All conversations are but debates, whether they get utterance in a capitol or a cabin; & in them one is always apt to say more than he meant to say. And whenever he does that just let him alone; don’t call him to account–he will do that himself, everytime.

In 1901 a critic commented on one of Shakespeare’s most famous characters, and noted that the character’s conversations were actually monologues:[ref] 1901, The Poet’s Poet and Other Essays by William A. Quayle, (Fourth Edition), Quote Page 146, Jennings & Pye, Cincinnati, Ohio. (Google Books Full View) link [/ref]

…Hamlet’s rejoinder to Guildenstern is not so much reply as soliloquy. Soliloquy is natural to Hamlet as turbulence to the seas. His conversations are monologues. He takes other men’s words as points of departure. He deals in dissertations, not conversations.

A 1918 book titled “Herself—Ireland” by Elizabeth P. O’Connor recounted the assertion that traditional conversational interaction was absent in the United States:[ref] 1918, Herself—Ireland by Elizabeth P. O’Connor (Mrs. T. P. O’Connor), Quote Page 149, Published by Dodd, Mead and Company, New York. (Google Books Full View) link [/ref]

A brilliant Englishman who travelled in America, said to me, “Do you know there is no such thing as conversation in your country; they indulge instead in a series of monologues. One man takes the floor and talks for ten minutes; he then yields it to another, and so they proceed; but there is no give and take as we have it in England.”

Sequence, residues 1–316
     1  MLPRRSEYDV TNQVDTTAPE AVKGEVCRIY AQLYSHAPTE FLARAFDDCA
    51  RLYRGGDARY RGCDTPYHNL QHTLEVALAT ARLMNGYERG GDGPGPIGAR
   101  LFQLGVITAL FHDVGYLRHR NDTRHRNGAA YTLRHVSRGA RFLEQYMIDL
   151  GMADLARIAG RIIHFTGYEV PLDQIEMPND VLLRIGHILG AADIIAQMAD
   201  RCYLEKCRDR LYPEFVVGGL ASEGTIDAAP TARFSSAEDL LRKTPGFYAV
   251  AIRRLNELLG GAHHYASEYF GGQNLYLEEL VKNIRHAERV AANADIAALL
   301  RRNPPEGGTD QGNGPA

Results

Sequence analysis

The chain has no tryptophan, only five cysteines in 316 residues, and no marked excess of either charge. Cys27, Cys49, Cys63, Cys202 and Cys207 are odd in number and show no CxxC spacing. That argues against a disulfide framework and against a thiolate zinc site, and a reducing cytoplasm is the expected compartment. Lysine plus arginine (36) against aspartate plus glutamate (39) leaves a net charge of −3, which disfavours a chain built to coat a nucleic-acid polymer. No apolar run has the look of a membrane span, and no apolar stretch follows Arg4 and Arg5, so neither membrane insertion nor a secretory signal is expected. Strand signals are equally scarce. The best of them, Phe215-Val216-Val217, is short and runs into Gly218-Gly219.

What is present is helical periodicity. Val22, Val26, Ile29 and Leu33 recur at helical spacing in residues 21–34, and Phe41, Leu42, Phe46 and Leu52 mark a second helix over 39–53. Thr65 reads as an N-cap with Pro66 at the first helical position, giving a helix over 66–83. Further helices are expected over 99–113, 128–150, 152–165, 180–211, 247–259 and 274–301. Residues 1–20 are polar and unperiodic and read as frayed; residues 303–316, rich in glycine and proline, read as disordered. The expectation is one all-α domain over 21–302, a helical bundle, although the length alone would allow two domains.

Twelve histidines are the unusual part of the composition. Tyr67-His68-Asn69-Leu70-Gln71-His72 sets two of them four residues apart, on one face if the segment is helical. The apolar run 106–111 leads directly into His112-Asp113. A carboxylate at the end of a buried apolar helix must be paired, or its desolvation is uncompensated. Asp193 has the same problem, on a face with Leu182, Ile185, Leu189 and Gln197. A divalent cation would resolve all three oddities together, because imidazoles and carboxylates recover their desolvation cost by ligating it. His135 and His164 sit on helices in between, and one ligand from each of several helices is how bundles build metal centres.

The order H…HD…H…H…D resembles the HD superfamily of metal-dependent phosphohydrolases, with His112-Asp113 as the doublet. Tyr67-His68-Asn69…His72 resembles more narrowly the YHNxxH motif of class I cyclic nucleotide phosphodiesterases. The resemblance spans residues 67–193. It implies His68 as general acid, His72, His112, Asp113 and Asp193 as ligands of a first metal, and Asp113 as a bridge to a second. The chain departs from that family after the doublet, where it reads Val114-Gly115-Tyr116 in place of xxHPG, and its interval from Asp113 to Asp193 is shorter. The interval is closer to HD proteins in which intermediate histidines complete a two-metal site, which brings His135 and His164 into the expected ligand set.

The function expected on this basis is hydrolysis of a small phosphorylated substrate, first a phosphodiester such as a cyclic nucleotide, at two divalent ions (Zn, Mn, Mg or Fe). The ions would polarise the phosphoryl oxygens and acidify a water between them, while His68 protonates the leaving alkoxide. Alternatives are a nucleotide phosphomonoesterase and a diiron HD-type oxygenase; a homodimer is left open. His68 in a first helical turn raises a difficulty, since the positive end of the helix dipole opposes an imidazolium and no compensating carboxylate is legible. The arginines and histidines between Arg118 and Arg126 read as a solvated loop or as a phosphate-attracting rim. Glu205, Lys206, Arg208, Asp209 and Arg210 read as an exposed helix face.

In 1935 the notable writer and critic Rebecca West published “The Harsh Voice: Four Short Novels” which included the following passage within the story “There Is No Conversation”:[ref] 1956 (Reprint of 1935 edition), The Harsh Voice: Four Short Novels by Rebecca West, There Is No Conversation, Start Page 63, Quote Page 63, Published by Penguin Books, Harmondsworth, England. (Verified on paper)[/ref][ref] 2006, The Yale Book of Quotations by Fred R. Shapiro, Section Rebecca West (Cicily Isabel Fairfield), Quote Page 810, Yale University Press, New Haven. (Verified on paper) [/ref]

There is no such thing as conversation. It is an illusion. There are intersecting monologues, that is all.

In 1942 the quotation under investigation appeared in “The Weak-Eyed Bat” by suspense writer Margaret Millar as mentioned previously:

“As a matter of fact, have you never noticed that most conversations are simply monologues delivered in the presence of a witness?”

In 1966 the renowned short-story writer Jorge Luis Borges delivered a lecture on the prominent poet Samuel Taylor Coleridge and remarked on Coleridge’s self-centered style of communication:[ref] 2013, Professor Borges: A Course on English Literature, by Jorge Luis Borges, Edited, Researched and Annotated by Martín Hadis and Martín Arias, Translated from Spanish by Katherine Silver, (Class lecture dated November 18. 1966; transcribed by student), “Class 14: Coleridge’s Final Years, Coleridge Compared to Dante Alighieri, Coleridge’s Poems, ‘Kubla Khan’, Coleridge’s Dream”, Start Page 127, Quote Page 128, Published by New Directions Publishing, New York. (Google Books Preview)[/ref]